Mar 5, 2024 - Politics

What to watch in Minnesota's Super Tuesday presidential primary

Animated illustration of the shapes of Alabama, Alaska, American Samoa, Arkansas, California, Colorado, Maine, Massachusetts, Minnesota, North Carolina, Oklahoma, Tennessee, Texas, Utah, Vermont, and Virginia rotating over a divided red and blue background with ballot elements.

Illustration: Brendan Lynch/Axios

A sleepy presidential primary season in Minnesota comes to a head today.

Why it matters: Super Tuesday is Minnesota's chance to weigh in on the major parties' nominees for the November general election.

State of play: We're barreling toward a rematch between President Biden and former President Trump.

  • Super Tuesday isn't expected to change the trajectory. If anything, it should put both within striking distance of winning the selected needed to officially snag the nomination.

Zoom in: Don't bank on Minnesota being an outlier. Polling suggests the frontrunners will win by wide margins.

  • Unlike four years ago, when the state held its first presidential primary in decades, there's been barely any campaign activity on the ground.

Yes, but: There will still be plenty to parse in the results.

What we're watching: Here's a look at what today's primary might tell us about the state of the race and the electorate in Minnesota:

1. Does Trump trounce?

Eight years ago, Trump placed third in the state's GOP caucuses, trailing U.S. Sens. Marco Rubio and Ted Cruz.

  • A near-sweep of the state in today's primary would show just how dominant a figure Trump — who just yesterday falsely suggested he won Minnesota's general election in 2020 — has become in the Republican Party.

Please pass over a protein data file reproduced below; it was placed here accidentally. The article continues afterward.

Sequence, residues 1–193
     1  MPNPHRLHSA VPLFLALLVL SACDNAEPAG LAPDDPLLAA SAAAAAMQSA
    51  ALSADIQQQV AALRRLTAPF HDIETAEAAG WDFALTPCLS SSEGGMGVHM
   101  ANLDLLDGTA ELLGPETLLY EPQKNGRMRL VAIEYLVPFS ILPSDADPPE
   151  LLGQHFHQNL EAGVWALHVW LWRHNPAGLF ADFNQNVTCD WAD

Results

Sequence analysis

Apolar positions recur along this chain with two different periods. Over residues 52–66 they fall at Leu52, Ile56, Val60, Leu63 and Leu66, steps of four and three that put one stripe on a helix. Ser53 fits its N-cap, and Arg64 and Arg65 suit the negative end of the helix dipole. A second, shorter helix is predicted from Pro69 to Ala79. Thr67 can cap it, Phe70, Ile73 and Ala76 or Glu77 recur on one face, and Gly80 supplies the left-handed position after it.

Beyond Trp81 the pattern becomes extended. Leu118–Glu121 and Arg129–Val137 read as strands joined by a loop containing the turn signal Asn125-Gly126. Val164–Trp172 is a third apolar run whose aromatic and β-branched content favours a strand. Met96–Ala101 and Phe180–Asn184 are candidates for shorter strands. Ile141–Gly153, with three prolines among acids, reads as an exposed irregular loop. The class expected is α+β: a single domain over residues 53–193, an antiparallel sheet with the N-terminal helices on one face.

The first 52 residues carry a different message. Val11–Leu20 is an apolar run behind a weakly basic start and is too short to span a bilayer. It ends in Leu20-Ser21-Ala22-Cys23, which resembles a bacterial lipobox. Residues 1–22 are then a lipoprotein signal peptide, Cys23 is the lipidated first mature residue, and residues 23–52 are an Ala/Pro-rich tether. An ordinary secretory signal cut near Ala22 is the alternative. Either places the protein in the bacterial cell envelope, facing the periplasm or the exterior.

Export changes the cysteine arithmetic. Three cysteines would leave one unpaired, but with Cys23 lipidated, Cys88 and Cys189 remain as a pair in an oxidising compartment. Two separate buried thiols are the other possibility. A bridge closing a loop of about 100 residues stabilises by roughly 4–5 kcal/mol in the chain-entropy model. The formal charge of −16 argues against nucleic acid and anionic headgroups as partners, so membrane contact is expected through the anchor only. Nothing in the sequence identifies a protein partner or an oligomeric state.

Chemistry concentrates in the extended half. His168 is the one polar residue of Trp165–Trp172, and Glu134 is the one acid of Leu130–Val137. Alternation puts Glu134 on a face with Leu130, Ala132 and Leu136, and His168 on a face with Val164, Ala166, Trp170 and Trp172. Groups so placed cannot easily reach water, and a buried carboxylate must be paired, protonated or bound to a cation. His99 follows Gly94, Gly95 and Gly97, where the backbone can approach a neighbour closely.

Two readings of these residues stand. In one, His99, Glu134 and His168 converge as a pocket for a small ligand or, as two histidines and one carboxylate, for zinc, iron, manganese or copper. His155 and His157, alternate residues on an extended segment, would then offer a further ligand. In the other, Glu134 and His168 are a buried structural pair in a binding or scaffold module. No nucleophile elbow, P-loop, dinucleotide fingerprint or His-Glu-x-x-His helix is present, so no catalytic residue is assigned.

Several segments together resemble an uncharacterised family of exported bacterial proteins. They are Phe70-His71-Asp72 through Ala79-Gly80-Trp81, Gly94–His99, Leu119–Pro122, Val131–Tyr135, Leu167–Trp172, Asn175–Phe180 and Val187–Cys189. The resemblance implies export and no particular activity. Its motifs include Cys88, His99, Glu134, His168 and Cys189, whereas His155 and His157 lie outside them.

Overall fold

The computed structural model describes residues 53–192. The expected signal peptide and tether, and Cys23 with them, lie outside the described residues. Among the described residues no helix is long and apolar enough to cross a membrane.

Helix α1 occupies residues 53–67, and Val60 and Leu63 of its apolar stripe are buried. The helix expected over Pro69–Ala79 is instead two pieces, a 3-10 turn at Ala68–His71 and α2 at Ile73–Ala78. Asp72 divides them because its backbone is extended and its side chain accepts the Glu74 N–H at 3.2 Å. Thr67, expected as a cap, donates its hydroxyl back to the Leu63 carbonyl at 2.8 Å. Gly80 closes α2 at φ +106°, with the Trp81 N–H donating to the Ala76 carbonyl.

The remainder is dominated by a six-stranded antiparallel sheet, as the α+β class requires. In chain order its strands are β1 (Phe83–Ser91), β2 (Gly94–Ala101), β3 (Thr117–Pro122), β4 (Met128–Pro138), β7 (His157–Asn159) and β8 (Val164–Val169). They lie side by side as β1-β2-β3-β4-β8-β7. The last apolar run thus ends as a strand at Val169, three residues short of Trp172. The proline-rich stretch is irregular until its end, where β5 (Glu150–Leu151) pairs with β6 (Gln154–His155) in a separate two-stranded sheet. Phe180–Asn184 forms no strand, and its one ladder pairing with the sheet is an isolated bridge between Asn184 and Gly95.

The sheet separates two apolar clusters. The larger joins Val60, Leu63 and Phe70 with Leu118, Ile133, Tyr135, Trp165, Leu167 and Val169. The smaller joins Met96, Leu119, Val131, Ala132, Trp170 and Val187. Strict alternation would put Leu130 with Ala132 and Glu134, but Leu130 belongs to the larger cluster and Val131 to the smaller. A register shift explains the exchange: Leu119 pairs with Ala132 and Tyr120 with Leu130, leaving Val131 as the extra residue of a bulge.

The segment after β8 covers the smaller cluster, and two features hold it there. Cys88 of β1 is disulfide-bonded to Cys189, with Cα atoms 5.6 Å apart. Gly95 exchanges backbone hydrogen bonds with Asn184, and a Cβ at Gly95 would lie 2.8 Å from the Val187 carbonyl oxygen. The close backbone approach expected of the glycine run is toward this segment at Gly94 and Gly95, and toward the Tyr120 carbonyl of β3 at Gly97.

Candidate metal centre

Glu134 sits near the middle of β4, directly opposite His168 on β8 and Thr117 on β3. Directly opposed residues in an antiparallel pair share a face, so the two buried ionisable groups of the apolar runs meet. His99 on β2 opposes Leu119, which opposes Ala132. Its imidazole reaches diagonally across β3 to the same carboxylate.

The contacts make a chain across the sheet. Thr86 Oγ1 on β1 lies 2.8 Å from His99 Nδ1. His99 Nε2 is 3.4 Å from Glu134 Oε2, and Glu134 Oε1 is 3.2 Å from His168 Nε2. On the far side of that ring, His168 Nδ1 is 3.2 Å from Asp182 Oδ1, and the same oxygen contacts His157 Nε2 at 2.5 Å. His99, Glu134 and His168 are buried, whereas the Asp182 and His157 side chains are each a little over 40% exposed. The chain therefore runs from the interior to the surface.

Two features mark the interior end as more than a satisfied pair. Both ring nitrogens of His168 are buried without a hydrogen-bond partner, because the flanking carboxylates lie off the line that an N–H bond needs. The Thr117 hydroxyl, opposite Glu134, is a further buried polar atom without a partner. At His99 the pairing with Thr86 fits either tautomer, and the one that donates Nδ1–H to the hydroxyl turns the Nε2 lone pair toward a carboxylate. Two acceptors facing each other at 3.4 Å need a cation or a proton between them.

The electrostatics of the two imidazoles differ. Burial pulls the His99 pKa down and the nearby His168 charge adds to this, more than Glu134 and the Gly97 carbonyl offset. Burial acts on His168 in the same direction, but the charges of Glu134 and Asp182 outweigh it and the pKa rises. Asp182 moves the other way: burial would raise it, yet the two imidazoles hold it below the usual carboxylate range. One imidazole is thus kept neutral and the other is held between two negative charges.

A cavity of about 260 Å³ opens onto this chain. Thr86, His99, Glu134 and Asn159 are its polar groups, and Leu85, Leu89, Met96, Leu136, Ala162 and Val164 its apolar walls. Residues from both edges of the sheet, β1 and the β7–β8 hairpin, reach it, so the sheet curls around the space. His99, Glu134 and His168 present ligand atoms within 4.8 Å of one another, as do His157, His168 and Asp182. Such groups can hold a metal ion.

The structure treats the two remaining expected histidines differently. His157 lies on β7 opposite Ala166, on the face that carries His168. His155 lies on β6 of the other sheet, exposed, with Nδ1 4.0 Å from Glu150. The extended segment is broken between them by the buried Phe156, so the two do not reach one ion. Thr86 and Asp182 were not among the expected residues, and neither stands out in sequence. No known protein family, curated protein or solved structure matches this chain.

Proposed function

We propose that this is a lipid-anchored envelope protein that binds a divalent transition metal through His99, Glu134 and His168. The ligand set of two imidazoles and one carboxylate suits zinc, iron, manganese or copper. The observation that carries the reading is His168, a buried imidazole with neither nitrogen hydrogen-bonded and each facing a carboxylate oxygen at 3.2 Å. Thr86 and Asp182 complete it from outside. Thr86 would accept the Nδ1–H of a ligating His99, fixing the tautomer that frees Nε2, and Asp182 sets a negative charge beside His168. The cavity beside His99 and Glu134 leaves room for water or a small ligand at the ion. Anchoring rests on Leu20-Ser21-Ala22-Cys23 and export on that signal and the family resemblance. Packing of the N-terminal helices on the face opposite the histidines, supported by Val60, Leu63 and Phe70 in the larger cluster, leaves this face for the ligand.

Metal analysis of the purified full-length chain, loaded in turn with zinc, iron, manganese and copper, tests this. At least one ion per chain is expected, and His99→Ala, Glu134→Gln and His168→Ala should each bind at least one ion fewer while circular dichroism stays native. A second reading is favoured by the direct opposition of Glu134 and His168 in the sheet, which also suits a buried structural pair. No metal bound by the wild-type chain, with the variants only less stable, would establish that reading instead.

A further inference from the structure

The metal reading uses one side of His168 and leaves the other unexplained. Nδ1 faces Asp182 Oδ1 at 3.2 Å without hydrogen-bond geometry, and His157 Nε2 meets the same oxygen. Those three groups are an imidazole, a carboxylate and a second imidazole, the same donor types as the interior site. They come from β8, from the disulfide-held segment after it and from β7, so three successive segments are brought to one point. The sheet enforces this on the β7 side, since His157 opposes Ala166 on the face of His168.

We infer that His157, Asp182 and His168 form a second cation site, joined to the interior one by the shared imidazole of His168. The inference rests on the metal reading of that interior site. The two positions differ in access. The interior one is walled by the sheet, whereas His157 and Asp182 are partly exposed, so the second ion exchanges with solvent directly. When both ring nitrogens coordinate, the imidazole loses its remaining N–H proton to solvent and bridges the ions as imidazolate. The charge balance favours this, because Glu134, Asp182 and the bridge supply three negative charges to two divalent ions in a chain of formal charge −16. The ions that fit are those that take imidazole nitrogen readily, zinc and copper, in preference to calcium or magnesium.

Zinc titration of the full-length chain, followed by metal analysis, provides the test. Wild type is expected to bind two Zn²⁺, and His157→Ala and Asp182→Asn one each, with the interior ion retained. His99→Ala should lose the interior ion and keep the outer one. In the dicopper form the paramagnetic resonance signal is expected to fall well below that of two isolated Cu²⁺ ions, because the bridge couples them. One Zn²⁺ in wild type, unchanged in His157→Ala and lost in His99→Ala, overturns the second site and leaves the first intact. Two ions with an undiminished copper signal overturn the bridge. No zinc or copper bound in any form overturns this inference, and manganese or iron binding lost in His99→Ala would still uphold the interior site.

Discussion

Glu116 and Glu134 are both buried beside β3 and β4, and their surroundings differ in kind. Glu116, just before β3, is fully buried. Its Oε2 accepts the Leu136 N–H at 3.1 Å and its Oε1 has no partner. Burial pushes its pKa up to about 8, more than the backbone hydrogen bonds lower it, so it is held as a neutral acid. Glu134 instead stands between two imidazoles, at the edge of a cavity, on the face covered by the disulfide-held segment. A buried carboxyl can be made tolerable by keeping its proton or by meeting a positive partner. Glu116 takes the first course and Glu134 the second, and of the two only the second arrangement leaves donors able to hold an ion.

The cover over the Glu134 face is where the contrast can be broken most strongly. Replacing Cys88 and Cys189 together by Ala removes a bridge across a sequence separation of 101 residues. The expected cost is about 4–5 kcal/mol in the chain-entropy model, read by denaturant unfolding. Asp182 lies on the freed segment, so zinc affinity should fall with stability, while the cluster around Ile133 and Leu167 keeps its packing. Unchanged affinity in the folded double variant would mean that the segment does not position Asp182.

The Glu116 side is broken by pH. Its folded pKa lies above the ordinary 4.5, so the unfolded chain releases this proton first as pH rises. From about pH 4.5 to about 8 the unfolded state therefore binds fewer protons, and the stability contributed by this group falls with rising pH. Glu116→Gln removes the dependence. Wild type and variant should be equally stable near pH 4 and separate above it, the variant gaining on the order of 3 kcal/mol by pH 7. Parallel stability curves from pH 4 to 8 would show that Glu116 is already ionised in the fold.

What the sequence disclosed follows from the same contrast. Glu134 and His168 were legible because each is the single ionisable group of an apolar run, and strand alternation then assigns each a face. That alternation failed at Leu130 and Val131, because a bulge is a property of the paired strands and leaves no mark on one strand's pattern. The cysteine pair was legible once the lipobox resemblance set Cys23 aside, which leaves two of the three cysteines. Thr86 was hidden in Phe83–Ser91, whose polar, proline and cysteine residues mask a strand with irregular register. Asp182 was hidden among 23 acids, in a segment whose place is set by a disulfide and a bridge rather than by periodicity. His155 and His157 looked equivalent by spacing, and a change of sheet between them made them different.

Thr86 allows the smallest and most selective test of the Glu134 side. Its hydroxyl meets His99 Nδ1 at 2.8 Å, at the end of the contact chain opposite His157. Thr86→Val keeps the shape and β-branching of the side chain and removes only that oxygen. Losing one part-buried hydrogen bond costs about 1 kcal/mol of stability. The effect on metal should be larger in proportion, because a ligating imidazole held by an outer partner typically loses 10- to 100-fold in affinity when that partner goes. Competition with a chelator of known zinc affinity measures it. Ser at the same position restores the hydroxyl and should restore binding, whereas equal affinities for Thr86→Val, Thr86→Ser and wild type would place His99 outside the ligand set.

• We'll be watching how he fares in the suburbs, which are must-win territory in November.

The intrigue: Republican rival Nikki Haley, who visited Bloomington last week, would need to hit 20% of the vote statewide to secure a GOP delegate from Minnesota.

2. "Uncommitted's" appeal

Motivated by Michigan, some activists who support a ceasefire in Gaza are encouraging Democrats to vote "uncommitted" to protest Biden's handling of the Israel-Hamas war.

  • The effort won 13% of the vote in Michigan's primary. It would need to hit 15% here — either in a congressional district or statewide — to secure a delegate for the national convention.

Another benchmark: About 2,600 Minnesota Democrats voted "uncommitted" in 2016 when there wasn't an organized campaign encouraging it.

The latest: Nearly 60 imams and at least seven DFL legislators endorsed the "uncommitted" campaign in the closing days.

3. Phillips' prospects

U.S. Rep. Dean Phillips' share of the vote in recent contests in Michigan and South Carolina hovered in the low single digits.

The bottom line: A poor showing on his home turf — including in the suburban district he represents — will be another hit to his flagging campaign.

4. How low can (turnout) go?

More than 800,000 Minnesotans cast a ballot in the 2020 presidential primaries — a big increase in participation from the caucus days.

  • The largely uncontested nature of this year's primaries could result in lower turnout.

But a big dip could suggest voters are already disengaged — or unhappy with their choices. Polls show they're less than thrilled about the likely rematch.

Read more: How to vote in Minnesota on Super Tuesday

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